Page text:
Threat Database Potentially Unwanted Programs Plantastic Tab Browser Extension

Plantastic Tab Browser Extension

Threat Scorecard

Ranking: 4,576
Threat Level: 50 % (Medium)
Infected Computers: 68
First Seen: May 28, 2023
Last Seen: September 28, 2023
OS(es) Affected: Windows

Cybersecurity researchers have uncovered another dubious extension named the Plantastic Tab browser extension. The primary function of this application has been confirmed to be to modify the settings of users' browsers, thereby promoting the fake search engine through redirects. This behavior has led to the classification of the Plantastic Tab as a browser hijacker.

Browser Hijackers Like the Plantastic Tab could Cause Privacy and Security Issues

After installing the Plantastic Tab, users will notice alterations to the default search engine, homepage and new tab page of their Web browser. The goal is to redirect users to the website and generate artificial traffic as a result. Whenever users attempt to open a new browser tab or window or enter a search query in the browser's URL bar, they are consistently redirected to

In line with the behavior of many fake search engines, does not generate its own search results. Instead, it redirects to the legitimate Bing search engine ( However, the destination of the caused redirects may vary based on factors such as user geolocation, potentially leading users to dubious search engines or websites.

Furthermore, browser-hijacking software often employs tactics to impede the removal process and maintain persistence. This can include limiting access to removal-related settings or undoing any subsequent changes made by users.

Considering the nature of browser hijackers, it is highly likely that the Plantastic Tab possesses data-tracking capabilities. Such capabilities are commonly employed to gather various types of data, including visited URLs, viewed Web pages, search queries, Internet cookies, login credentials, personally identifiable information, financial details and more. This collected data can be utilized for profit by selling it to third parties or other forms of misuse.

PUPs (Potentially Unwanted Programs) and Browser Hijackers Often Use Questionable Distribution Methods

PUPs and browser hijackers often employ questionable distribution methods to infiltrate users' systems. These methods are designed to deceive or trick users into unintentionally installing these unwanted programs without their knowledge or explicit consent.

One common distribution method involves bundling the PUP or browser hijacker with legitimate software downloads. These unwanted programs are bundled together with popular free software, such as file converters, media players, or system optimization tools. Users may overlook or rush through the installation process, not realizing that additional programs are being installed alongside the desired software. This tactic capitalizes on users' tendency to opt for default installation settings, which often include the installation of bundled software.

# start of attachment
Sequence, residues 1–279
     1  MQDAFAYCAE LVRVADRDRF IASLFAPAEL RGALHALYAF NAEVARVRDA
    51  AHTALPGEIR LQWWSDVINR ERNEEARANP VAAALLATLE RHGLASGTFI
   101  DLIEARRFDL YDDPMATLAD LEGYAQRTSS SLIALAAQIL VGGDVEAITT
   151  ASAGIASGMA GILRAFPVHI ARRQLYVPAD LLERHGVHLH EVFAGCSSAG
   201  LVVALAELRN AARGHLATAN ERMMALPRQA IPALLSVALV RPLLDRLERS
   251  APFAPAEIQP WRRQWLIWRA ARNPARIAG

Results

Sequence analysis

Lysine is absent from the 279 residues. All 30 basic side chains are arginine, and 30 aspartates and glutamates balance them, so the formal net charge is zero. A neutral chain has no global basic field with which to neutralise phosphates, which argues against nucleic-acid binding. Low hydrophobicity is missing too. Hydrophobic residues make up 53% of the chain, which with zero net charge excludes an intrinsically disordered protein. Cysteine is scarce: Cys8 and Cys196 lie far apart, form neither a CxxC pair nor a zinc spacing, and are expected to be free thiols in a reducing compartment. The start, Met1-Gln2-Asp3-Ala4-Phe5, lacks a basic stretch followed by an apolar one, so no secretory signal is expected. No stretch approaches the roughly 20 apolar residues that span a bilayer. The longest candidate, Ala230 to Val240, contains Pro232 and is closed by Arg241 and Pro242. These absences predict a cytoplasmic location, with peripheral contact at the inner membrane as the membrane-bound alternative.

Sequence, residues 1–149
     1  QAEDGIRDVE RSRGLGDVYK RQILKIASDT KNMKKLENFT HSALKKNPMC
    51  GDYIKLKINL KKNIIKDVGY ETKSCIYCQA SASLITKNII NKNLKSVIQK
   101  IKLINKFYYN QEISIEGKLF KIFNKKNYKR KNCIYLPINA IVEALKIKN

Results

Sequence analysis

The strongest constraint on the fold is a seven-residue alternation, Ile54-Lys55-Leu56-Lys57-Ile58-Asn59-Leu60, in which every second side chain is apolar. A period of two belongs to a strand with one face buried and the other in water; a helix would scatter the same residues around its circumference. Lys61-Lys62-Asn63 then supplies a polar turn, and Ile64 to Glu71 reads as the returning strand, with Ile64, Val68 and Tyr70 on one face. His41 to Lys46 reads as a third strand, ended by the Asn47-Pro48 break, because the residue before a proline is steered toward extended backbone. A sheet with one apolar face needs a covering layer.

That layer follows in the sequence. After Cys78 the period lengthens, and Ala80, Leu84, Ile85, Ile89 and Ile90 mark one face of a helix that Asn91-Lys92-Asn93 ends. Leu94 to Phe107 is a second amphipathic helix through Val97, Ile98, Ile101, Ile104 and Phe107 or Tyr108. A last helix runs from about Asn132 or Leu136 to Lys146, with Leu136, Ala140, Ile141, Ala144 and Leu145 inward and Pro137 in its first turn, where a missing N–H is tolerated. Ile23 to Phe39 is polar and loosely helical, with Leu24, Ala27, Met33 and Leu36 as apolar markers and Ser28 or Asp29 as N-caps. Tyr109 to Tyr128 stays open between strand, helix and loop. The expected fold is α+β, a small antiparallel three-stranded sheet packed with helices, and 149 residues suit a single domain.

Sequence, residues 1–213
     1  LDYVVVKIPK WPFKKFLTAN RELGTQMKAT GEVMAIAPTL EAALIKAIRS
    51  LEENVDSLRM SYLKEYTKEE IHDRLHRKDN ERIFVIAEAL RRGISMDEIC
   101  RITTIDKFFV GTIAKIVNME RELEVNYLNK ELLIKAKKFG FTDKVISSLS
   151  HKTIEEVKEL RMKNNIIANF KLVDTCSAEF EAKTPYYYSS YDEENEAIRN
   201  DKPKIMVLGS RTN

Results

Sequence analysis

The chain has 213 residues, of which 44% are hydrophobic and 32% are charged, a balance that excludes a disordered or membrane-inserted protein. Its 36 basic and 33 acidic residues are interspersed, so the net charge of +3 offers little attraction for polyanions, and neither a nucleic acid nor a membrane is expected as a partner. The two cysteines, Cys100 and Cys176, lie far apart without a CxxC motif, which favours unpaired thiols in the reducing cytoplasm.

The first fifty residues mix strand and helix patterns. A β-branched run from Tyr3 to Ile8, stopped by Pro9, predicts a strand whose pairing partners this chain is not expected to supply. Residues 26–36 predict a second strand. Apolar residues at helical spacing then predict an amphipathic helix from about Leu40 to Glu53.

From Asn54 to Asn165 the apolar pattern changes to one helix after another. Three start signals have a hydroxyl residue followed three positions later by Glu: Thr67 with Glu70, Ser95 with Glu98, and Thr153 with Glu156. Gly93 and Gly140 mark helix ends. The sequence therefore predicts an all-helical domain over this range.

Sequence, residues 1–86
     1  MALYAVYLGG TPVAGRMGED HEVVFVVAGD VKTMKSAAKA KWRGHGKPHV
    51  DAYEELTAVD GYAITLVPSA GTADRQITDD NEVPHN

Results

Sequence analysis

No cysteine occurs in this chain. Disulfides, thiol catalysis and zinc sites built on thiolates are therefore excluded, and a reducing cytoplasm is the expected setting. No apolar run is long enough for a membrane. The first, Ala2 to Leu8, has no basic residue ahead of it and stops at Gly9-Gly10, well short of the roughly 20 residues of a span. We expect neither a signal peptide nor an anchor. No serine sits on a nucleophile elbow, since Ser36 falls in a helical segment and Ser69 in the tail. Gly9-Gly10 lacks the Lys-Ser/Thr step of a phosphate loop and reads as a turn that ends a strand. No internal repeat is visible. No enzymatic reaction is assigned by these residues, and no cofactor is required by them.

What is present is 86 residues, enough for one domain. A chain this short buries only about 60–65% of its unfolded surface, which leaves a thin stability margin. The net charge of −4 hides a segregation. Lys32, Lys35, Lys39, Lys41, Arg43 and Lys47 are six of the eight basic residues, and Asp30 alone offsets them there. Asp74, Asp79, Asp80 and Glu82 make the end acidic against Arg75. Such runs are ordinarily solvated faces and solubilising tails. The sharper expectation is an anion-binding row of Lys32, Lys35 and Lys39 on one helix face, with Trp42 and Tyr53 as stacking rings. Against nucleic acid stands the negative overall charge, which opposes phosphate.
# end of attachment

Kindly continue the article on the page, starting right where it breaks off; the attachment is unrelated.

Another technique is the use of deceptive advertisements or pop-ups that mimic legitimate system messages or software updates. Users may encounter pop-up messages claiming that their system is infected or outdated and prompting them to download a file or access a link to fix the issue. However, these links or files lead to the installation of PUPs or browser hijackers instead.

PUPs and browser hijackers also may be distributed through misleading or unsafe websites. Users may unknowingly visit compromised websites or click on misdirecting links that trigger automatic downloads or installations of unwanted programs. These websites may employ deceptive tactics, such as fake download buttons or misleading information, to trick users into initiating the installation process.

Additionally, email attachments and phishing campaigns can serve as vehicles for distributing PUPs and browser hijackers. Cybercriminals may send emails masquerading as legitimate organizations or individuals, enticing users to open attachments or click on links that initiate the installation of unwanted programs.

Social engineering techniques are frequently used to manipulate users into voluntarily installing PUPs and browser hijackers. This can include enticing users with free offers, prizes, or exclusive content, requiring them to provide personal information or download a specific program to access the promised benefits. These tactics exploit users' curiosity or desire for rewards, leading them to install unwanted programs inadvertently.

In conclusion, PUPs and browser hijackers employ various deceptive and misleading distribution methods to gain access to users' systems. Users should exercise caution when downloading software, clicking on pop-ups or links, visiting websites, opening email attachments, and interacting with suspicious offers or requests to avoid inadvertently installing these unwanted programs.


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